The scheme allows researchers from across disciplines and from developing countries and the UK to hold networking events, to forge new links and generate innovative transdisciplinary research ideas to address global challenges. We expect that these new networks will then be better equipped to apply for larger grants offered by the GCRF programme and other funding initiatives.
This is an excellent opportunity for those who are starting to build networks with researchers and stakeholders in DAC List countries. The awards provide up to £25,000 over one year to hold networking events, supporting these collaborations.
The deadline for applications for this round is 21st March 2018. Successful projects must start between 1st July and 30th September 2018 and last for one year. Further details are available on the call page. Please contact us at an early stage if you are interested in applying.
Save the date! The next meeting of the Northumbria ECR Forum will be on the 15 October from 4-6pm in the Great Hall of the Sutherland Building on City Campus. This will be the first meeting this academic year and will be a chance for an informal meet-up, networking and a drink or two. More details will be posted on the blog next week.
The ICT Proposer’s Day is a networking and information event for anyone interested in the ICT agenda in Horizon 2020.
It takes place on 9th – 10th October 2014 in Florence, Italy – some satellite events are also being planned for the 8th October. Registration is still open, and I strongly encourage researchers interested in this agenda to register for a place.
The event includes.
Information sessions on how to prepare and submit a proposal
Topic information stands where European Commission officials provide up-to-date information on the research and innovation topics of the Work Programme 2015 and the content of the calls for proposals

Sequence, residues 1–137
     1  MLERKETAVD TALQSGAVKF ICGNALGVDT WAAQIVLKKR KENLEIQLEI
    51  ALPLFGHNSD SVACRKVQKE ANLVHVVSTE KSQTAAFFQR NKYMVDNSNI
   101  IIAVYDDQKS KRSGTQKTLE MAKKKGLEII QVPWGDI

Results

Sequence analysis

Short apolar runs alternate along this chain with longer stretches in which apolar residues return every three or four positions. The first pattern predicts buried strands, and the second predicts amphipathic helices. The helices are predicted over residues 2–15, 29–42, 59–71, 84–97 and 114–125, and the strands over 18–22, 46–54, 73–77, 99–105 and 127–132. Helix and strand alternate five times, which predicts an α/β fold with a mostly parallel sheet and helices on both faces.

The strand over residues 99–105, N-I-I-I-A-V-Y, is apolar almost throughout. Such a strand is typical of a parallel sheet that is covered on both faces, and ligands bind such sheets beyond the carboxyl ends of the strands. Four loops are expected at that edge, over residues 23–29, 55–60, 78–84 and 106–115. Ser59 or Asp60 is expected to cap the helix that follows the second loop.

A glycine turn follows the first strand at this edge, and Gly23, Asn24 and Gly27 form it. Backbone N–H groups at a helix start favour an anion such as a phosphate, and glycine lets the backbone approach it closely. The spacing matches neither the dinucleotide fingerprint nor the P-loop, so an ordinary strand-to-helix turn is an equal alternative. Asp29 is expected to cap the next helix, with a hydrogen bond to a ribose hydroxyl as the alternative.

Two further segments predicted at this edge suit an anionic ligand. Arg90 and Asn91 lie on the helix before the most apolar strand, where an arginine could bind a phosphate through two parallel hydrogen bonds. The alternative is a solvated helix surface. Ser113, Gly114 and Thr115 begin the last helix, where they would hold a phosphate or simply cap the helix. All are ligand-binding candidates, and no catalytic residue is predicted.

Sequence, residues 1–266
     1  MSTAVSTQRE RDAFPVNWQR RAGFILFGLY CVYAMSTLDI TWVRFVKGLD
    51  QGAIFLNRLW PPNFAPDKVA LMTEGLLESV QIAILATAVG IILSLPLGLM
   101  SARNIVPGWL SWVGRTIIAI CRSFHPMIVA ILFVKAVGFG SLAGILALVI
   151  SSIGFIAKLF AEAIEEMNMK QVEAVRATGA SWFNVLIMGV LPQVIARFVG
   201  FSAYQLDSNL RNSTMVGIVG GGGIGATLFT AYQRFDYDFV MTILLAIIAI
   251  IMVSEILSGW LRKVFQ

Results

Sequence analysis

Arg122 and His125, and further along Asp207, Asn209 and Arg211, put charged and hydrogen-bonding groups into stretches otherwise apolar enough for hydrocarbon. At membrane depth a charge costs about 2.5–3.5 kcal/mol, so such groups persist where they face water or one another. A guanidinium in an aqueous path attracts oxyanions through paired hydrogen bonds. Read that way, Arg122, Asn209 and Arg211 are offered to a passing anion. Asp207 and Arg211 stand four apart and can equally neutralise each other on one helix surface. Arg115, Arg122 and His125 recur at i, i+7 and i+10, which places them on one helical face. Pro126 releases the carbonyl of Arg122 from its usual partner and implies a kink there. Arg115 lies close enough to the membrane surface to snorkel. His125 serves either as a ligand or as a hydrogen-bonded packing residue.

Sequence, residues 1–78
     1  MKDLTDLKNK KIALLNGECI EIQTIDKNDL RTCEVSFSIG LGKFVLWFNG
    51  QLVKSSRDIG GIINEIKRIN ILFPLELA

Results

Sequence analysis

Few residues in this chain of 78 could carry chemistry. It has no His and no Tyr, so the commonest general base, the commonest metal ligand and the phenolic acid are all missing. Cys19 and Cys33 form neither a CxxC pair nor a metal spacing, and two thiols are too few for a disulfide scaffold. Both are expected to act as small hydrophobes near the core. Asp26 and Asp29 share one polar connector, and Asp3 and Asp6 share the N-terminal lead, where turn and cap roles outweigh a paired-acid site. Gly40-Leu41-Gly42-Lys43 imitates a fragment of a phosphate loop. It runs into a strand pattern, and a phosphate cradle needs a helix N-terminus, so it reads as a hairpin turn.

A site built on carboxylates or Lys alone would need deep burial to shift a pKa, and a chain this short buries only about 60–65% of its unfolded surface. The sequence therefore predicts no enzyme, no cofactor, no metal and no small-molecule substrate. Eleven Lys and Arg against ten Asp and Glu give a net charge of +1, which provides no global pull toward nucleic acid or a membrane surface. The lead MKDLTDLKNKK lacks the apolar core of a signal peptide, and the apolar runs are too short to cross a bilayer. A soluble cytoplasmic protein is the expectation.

A European Commission ICT information desk to supply information on relevant topics, along with other information stands
Networking sessions organised according to the Pillars and Topics of the Work Programme 2015 where potential proposers present their project ideas
Booths, organised per villages, which serve as meeting points for people interested in the same research topics
Ample space for informal networking and bilateral pre-arranged meetings between participants
For Northumbria staff, RBS has some internal funding available to support EU proposal development and networking activities such as this. Please contact us to discuss how you might use this.
There’s an infoday on ICT-enabled public sector innovation in Horizon 2020 on 10th Feb 2014 in Brussels. This includes discussion of mobile e-government and privacy. There will also be networking sessions to enable participants to share their ideas. The deadline for registration is 6th Feb.
The AHRC is one of the organisers of a one-day workshop for games developers and researchers from the arts and humanities to explore creative ways of working together. The workshop will take place on 20th March from 9am until 4.30pm in at Nesta, 1 Plough Place, London, with a drinks reception and networking event on the evening of the 19th for those who are arriving earlier and staying overnight. However, if you’re interested in attending you’ve only got until 1st March to book a place.
Why should I attend?
The workshop will provide:
Opportunity for game developers and researchers from the arts and humanities to explore creative ways of working together
Create synergies and partnerships between complementary areas of expertise
Identify priority areas where academic/business collaboration can support for the future development of the video games industry
Identify appropriate funding streams to support follow up
Inform the development of the UK Creative Industries Strategy (Technology Strategy Board)
Who are they looking for?
Priority will be given to arts and humanities researchers in the following areas: